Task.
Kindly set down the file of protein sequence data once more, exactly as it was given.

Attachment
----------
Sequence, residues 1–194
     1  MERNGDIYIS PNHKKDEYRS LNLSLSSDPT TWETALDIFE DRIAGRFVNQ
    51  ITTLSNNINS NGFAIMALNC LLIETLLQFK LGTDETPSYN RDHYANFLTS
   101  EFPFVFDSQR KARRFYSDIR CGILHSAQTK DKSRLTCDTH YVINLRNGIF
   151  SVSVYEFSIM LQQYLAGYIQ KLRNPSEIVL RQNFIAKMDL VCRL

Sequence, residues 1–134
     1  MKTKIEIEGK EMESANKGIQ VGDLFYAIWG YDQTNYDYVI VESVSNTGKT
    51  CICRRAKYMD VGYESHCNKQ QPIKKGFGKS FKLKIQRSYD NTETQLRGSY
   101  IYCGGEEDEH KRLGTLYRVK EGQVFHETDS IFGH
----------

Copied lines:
Sequence, residues 1–194
     1  MERNGDIYIS PNHKKDEYRS LNLSLSSDPT TWETALDIFE DRIAGRFVNQ
    51  ITTLSNNINS NGFAIMALNC LLIETLLQFK LGTDETPSYN RDHYANFLTS
   101  EFPFVFDSQR KARRFYSDIR CGILHSAQTK DKSRLTCDTH YVINLRNGIF
   151  SVSVYEFSIM LQQYLAGYIQ KLRNPSEIVL RQNFIAKMDL VCRL

Sequence, residues 1–134
     1  MKTKIEIEGK EMESANKGIQ VGDLFYAIWG YDQTNYDYVI VESVSNTGKT
    51  CICRRAKYMD VGYESHCNKQ QPIKKGFGKS FKLKIQRSYD NTETQLRGSY
   101  IYCGGEEDEH KRLGTLYRVK EGQVFHETDS IFGH